private, guards against Murphy, not Machiavelli*.
private and anything else that restricts what we can do, primarily because we have hopefully restricted more incorrect, inconsistent, or just plain stupid things, than we have useful and fruitful things.
But it's still just ones and zeros. If some memory is set to the number "42" and we access it through a readonly field, it wasn't readonly when the object was being created. There's nothing stopping it from being changed except the compiler spotting "hey, first you said you didn't want to change it, now you're trying to change it, what gives? One of those two decisions must be wrong".
Now, there's no promise that reflection will be able to change it, but there's no promise that it won't. Right now, the way reflection works and the way readonly works means that you can change it. At the very least, it would take a lot of work (perhaps with costs affecting us users as well as the team who needs to implement that work) to stop someone who'd presumably gone to the bother of doing this because they thought they had a good reason.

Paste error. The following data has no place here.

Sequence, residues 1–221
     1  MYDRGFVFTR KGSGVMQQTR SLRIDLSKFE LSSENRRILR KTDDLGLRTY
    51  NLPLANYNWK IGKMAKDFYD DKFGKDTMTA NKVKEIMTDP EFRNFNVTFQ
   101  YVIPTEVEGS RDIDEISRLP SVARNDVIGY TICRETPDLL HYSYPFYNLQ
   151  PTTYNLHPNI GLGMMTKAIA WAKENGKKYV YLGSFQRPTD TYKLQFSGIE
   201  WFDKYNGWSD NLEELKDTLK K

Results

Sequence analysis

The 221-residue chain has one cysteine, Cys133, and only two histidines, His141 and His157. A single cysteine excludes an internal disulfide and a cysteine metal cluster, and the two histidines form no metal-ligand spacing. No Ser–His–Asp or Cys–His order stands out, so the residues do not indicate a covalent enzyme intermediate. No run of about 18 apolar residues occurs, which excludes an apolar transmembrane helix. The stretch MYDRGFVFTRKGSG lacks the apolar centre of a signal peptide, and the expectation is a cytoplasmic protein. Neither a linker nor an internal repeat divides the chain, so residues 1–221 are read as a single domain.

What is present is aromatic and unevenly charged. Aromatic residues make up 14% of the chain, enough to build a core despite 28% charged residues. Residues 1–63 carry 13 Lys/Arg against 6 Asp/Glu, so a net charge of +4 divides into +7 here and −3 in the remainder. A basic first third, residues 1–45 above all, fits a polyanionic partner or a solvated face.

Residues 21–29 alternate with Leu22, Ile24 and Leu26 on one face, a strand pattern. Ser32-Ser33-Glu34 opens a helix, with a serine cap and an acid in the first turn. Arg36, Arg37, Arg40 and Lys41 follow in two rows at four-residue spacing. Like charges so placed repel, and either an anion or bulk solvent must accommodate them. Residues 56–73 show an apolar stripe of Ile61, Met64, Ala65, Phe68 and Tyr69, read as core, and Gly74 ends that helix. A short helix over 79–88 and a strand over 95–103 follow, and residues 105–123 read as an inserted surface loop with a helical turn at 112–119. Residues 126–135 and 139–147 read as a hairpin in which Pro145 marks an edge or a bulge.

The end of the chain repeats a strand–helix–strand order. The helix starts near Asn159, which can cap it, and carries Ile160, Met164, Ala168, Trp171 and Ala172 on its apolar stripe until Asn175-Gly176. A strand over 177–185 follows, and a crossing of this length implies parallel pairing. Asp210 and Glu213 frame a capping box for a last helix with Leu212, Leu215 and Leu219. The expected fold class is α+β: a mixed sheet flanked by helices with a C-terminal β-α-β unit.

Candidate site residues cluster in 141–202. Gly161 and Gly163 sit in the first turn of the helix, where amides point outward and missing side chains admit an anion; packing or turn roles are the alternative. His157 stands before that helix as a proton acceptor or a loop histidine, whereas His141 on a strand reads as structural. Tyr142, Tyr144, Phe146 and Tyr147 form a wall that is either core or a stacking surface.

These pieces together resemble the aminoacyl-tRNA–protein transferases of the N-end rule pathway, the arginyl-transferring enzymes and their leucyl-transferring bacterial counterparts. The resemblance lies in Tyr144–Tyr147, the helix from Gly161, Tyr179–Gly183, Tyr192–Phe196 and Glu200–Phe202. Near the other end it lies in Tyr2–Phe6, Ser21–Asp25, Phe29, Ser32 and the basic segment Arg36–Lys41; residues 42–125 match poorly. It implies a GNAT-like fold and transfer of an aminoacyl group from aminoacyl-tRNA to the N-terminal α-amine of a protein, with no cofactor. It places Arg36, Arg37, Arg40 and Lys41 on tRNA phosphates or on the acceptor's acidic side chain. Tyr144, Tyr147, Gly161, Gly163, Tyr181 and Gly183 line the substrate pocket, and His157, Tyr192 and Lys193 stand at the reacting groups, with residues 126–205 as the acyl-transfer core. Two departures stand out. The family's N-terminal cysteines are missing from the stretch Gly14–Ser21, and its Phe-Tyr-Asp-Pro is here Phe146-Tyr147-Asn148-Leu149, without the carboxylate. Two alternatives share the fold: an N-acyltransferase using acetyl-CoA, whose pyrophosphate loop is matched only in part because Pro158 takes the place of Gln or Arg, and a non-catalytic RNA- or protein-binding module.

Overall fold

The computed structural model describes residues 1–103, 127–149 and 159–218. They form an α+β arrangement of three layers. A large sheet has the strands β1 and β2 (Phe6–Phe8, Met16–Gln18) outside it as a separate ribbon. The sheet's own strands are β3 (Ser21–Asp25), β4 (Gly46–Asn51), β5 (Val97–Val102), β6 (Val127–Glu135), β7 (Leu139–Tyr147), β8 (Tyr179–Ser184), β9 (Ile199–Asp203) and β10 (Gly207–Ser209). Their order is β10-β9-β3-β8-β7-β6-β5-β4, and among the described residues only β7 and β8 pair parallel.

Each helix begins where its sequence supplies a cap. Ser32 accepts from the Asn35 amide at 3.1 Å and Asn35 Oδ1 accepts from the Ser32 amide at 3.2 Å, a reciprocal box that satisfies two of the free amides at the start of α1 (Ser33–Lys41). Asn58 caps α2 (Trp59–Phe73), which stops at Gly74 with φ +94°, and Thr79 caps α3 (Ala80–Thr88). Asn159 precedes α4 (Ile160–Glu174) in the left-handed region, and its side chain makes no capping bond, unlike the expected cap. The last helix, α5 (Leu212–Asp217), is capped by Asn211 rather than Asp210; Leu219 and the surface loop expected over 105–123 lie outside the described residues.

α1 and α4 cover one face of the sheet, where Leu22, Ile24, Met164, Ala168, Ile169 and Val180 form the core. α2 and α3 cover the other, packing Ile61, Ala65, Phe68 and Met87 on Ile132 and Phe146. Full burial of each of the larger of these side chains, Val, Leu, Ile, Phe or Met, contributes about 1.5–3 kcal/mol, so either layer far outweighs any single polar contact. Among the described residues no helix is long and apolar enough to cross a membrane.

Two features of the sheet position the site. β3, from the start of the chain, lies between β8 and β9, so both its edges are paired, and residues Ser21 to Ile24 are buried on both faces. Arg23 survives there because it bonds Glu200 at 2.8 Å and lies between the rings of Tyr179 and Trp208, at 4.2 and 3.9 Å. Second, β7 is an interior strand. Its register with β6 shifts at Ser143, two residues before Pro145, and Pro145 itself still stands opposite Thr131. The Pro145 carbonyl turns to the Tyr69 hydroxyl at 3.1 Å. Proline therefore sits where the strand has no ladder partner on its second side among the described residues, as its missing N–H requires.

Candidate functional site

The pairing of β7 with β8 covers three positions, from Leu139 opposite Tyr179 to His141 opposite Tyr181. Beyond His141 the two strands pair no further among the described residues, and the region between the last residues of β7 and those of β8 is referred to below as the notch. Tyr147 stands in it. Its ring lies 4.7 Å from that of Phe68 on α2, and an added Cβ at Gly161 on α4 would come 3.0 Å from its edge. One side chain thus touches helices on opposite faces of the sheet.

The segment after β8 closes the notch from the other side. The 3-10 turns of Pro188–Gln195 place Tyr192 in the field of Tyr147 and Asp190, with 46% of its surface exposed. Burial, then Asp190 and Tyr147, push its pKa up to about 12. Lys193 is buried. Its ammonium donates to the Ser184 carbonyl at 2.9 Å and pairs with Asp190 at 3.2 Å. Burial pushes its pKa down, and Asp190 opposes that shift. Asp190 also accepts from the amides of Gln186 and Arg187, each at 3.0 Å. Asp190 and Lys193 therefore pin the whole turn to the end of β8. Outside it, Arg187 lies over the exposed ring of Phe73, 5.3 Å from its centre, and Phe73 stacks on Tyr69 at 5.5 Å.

Note that the permissions relating to reflection do stop Machiavelli,
*Strictly, Murphy was talking about precisely how we should design things to stop people accidentally doing something disasterous -
readonly is a good example, plugs that can't physically be plugged in the wrong way around a better - and Machiavelli was teaching rather than practising the techniques. It makes for nowhere near as concise a saying though.